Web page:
You have too much lip intrusion. The deep cornet cup pulls your lips into the mouthpiece, and then you can play all day that way, because the cup is so deep that it works even if your lips are way way out. Then trying to play trumpet is almost impossible because your lips are almost hitting the bottom of the 3c. Making a de-facto super shallow cup, which sucks. Imgaurantee you this is happening. To see for yourself do this:
Put your 3c in the fridge for a half hour. During that half hour play your cornet mouthpiece and revel in how great it works when you are tired. Then play a loud G on top of the staff forn10 seconds. Look at the inside of the 3c cup. Your breath will have made little droplets of water and those droplets have been wide away where you lips touches the inside of the cup. You will see then see where your lip touches. It might be that it almost goes down to the very bottom of the cup. An eye opener
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Seymor B Fudd
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PostPosted: Tue Feb 11, 2020 3:05 am    Post subject: Re: Tips on doubling cornet with trumpet Reply with quote

Nathanamiranda wrote:
I used to be a pretty big Bb Cornet player in classical/BBB style, playing trumpet somewhat frequently on the side, now I almost exclusively play trumpet for work and cornet is more of a side horn I play when I’ve got time. Before I never really had trouble switching between the two, but now I can really only play trumpet first then easily switch to cornet, not vice versa. Playing cornet first then trumpet causes me to have to take a days break or so in between for me to play trumpet without feeling like it’s the first ever time I’ve picked up the horn. Maybe it’s the different MPs? I play a Bach 3C on trumpet and a Yamaha 11E4 or Wick 2 on cornet. I have decent trumpet chops, but I tire quickly. However, I have great cornet chops and can keep on even if I feel tired from trumpet. Seeking some advice from some more experienced players, thanks in advance!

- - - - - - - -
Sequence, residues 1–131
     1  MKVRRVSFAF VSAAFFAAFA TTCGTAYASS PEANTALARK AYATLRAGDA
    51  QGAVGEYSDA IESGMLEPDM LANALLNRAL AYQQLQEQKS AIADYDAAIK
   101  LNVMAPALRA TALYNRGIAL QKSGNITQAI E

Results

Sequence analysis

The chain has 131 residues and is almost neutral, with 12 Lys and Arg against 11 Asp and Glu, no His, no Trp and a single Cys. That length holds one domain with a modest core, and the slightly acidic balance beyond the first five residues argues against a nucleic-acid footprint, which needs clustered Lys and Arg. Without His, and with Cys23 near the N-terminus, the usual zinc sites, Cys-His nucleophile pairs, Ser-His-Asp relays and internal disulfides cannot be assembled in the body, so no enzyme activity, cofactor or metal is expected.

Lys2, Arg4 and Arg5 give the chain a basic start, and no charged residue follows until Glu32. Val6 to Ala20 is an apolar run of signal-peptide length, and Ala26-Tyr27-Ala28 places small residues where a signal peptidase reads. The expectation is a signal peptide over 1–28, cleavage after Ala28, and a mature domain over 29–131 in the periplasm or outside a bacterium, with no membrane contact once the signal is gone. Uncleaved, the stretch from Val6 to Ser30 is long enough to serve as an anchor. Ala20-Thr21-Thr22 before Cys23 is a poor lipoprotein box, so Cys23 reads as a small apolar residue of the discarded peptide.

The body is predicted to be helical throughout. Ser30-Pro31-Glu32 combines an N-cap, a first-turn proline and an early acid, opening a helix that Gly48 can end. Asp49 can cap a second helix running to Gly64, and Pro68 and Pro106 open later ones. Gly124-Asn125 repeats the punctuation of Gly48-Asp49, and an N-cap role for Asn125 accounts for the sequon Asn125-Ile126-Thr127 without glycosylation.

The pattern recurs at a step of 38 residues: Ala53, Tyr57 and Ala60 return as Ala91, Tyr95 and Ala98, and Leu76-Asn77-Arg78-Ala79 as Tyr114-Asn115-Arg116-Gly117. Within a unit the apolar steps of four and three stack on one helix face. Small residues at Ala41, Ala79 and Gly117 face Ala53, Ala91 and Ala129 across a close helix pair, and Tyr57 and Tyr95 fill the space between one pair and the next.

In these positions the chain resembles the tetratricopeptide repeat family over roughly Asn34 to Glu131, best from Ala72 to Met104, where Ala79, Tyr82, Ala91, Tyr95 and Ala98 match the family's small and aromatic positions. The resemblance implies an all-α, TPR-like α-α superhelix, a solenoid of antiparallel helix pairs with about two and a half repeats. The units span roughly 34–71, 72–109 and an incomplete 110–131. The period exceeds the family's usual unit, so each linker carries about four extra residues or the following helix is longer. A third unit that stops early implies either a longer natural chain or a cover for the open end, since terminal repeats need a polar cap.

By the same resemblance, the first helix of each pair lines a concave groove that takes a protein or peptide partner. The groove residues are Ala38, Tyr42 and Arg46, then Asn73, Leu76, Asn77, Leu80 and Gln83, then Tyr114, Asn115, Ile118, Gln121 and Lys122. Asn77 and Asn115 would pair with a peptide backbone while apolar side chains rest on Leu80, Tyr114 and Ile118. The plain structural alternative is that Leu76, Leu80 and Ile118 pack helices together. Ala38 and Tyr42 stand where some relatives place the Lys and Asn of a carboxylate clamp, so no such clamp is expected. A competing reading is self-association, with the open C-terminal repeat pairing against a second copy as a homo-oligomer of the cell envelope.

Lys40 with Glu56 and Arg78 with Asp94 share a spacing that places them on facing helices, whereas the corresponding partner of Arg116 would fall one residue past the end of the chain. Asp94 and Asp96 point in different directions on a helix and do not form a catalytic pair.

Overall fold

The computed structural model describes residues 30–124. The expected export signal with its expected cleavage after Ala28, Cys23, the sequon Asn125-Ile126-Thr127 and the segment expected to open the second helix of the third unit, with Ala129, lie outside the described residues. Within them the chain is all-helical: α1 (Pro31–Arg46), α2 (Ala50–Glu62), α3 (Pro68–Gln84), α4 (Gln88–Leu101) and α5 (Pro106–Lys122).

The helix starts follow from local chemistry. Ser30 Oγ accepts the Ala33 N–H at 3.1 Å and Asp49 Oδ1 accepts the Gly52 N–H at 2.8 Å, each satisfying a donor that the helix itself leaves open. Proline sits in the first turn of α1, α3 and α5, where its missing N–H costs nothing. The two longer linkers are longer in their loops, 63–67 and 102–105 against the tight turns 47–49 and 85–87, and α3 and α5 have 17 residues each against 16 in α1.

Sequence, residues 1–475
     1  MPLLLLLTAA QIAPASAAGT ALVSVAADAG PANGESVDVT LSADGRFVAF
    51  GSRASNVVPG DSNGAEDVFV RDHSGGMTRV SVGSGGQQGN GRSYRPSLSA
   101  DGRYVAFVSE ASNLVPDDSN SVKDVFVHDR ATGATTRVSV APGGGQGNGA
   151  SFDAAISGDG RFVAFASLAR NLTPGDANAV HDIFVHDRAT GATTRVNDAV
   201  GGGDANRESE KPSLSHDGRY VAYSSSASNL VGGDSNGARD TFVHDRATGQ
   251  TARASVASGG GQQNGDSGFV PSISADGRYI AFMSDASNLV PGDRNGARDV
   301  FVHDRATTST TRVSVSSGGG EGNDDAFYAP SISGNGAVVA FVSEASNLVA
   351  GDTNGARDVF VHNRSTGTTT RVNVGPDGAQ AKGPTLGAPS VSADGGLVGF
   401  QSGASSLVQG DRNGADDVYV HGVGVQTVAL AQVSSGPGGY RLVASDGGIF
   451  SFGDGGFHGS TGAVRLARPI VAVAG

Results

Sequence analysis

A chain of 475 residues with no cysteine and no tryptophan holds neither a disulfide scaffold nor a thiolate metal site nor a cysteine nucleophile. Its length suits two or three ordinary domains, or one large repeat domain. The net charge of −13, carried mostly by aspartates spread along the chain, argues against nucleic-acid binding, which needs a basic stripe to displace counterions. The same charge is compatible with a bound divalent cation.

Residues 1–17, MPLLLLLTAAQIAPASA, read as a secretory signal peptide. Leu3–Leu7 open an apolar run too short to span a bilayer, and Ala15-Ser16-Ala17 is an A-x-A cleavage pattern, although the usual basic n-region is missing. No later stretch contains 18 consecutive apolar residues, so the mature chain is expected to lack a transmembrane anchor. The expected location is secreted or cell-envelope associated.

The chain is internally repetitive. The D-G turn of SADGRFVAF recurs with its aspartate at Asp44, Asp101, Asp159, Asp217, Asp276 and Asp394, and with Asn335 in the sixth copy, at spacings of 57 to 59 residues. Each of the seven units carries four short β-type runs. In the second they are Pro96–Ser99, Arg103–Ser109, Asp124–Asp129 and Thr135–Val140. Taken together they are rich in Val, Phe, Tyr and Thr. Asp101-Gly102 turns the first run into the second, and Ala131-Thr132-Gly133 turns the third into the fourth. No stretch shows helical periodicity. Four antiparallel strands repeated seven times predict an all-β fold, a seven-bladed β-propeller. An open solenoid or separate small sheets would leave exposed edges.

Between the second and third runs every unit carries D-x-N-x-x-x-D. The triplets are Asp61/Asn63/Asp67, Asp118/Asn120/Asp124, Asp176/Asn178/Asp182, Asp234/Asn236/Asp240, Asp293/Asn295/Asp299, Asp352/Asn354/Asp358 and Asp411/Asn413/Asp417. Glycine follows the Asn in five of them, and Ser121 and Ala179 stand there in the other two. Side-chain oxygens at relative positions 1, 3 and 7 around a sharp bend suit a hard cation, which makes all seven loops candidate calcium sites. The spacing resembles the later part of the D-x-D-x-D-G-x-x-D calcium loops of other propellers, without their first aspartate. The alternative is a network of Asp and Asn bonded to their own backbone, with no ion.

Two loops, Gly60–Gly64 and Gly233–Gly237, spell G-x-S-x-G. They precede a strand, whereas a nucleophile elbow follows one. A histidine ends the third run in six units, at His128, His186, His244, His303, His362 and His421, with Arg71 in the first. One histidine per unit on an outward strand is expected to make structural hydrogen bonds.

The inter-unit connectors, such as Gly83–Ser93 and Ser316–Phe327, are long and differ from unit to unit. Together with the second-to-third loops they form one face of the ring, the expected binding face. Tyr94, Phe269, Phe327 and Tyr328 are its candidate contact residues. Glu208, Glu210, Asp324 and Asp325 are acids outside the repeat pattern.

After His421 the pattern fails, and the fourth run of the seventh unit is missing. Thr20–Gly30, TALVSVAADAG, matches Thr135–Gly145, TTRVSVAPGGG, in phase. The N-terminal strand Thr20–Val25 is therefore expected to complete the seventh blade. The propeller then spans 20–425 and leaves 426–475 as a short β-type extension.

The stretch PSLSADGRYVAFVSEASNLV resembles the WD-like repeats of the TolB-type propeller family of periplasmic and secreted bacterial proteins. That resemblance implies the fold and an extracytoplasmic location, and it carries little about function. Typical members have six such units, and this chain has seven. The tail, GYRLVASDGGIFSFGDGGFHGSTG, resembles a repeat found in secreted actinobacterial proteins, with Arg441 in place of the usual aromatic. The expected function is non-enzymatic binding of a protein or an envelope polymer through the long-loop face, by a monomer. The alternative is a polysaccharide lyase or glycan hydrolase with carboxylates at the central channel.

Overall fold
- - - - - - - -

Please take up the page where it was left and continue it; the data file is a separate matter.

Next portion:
Could be me! Front row cornetist half a century - quite successful (on the amateur level). Now and then trumpet (lead most of the time) - up til some years ago when I began playing lead more often, today very often.
I have a very good endurance, were I to play only trumpet (like 26 songs in a row on a dance gig), or only cornet (like two heavy concerts 2 hours apart. Yes I practice a lot (2-3 hours a day). But combining...
Had a successful big band concert, during the week practicing trumpet only - bigband rehearsal wednesday, brass band thursday, brought, as a last resort, having tried, well you name it, the same mouthpiece (cornet model) to the brassband rehearsal (Schilke 14B) - did my very best to play like the old school bright cornets of the 50ties 60ties - thus escaping our trumpet sound allergic conductor´s evil ´eye. Not entirely though...